Style / October 2017

Celluloid Style: Get Carter

Nick Scott uncovers why Michael Caine’s wardrobe in Get Carter is as enduringly relevant as the noir thriller’s plot is gritty.

Michael Caine as Jack Carter on the set of Get Carter, 1971.

Even the more sartorially aware among us might assume that Dormeuil Tonik was either a cheap brand of spirit mixer or a forgotten Swansea City left-back. The truth is far, far sexier: Dormeuil Tonik is the mohair-wool fabric from which one of Savile Row’s most wily tog-smiths – probably Douglas Hayward, given the actor’s choice of tailor at the time – created the suit worn by Michael Caine’s eponymous character in the bleakly brilliant 1971 crime flick Get Carter: a blue three-piece that’s up there with Cary Grant's attire in North By Northwest, Steve McQueen’s in The Thomas Crown Affair and Sean Connery’s in Dr No.

Favoured, in particular, by the affluent minority within the mod crowd throughout the late 1950s and 1960s, the Dormeuil Tonik cloth in question, in (let’s presume) Hayward’s hands, was to Caine’s form as… well, a comparison to the effect of Askeys Treat on cold ice cream is a little down-market but, in this case, apposite. It was as if the suit had come into being, organically, around Caine’s form. The details – slanted pockets, high notched lapel, boot cut trousers, five button single-breasted waistcoat – all made their contribution to a truly imperious whole, as did the accessories (blue long-sleeved shirt with double cuff, oversized gold and white cufflinks, dark blue silk tie with diagonal rib, black calfskin full strap loafers, Rolex Oyster Day-Date with brown leather strap). And then of course, there’s the criminally dapper suit’s trio of accomplices, making up a whole which will forever be associated with this and no other movie: the double-barrelled shotgun, the trench coat and a frown scored across Caine’s features that could curdle milk.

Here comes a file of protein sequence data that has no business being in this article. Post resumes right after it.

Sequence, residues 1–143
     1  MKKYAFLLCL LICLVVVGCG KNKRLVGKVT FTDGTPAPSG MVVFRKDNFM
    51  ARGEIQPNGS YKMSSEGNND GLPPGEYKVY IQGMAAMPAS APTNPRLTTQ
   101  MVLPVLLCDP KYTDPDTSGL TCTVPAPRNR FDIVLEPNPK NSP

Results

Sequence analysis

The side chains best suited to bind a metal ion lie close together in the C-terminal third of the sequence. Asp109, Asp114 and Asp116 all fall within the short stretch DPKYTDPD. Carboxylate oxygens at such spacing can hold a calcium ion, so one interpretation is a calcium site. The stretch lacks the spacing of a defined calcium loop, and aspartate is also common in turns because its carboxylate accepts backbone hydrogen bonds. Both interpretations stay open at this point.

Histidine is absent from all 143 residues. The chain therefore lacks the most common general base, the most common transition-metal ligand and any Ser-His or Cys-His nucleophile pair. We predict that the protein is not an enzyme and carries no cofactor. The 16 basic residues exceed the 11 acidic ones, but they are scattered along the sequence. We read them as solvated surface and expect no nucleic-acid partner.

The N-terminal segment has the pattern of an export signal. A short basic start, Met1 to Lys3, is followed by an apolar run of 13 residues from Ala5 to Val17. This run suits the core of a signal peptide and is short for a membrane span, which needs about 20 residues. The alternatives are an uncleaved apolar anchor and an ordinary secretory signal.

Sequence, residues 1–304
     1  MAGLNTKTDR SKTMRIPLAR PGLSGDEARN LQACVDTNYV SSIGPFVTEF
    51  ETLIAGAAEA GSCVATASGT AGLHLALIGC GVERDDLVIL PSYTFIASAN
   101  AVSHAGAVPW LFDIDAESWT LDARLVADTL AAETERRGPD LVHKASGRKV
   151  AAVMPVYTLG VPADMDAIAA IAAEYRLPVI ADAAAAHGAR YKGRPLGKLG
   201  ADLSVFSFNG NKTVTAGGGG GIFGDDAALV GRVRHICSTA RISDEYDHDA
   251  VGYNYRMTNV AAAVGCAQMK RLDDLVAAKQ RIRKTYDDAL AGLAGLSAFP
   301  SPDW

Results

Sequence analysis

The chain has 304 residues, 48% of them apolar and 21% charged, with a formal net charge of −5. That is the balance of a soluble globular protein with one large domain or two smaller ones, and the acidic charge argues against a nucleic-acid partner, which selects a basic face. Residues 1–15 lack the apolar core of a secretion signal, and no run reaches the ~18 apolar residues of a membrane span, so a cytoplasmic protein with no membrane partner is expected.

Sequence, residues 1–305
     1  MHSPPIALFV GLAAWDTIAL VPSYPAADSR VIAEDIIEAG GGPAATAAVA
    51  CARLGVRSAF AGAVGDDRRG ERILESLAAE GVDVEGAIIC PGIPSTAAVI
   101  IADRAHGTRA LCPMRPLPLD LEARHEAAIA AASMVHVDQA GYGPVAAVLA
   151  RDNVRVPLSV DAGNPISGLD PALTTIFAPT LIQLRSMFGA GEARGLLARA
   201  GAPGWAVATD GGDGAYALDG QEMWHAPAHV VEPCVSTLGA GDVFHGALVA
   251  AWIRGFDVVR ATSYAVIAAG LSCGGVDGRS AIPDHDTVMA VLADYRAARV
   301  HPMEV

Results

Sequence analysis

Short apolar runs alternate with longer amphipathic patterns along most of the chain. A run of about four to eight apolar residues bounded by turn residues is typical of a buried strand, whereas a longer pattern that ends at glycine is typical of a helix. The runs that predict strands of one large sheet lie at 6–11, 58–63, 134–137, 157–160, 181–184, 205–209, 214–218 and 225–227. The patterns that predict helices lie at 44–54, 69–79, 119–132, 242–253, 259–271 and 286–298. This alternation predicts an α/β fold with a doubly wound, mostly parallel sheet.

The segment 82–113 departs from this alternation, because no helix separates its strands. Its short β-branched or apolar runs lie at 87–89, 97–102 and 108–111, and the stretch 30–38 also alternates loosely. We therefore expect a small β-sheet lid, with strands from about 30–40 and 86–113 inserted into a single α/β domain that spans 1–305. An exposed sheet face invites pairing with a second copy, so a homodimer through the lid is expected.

But the silhouette of the three-piece is what gives Caine’s actually fairly ordinary physique a measure of Olympian robustness (his line “You’re a big man, but you’re out of shape” to one assailant seems a touch ironic by the time we encounter Caine’s bare upper torso towards the end of the film). Hayward – on whom the character Harry Pendel in John Le Carré's The Tailor of Panama is loosely based, incidentally - was known for being a fully rounded artisan, but any conversation with in-the-know tailoring buffs will not last long before the word “cut” passes someone’s lips.

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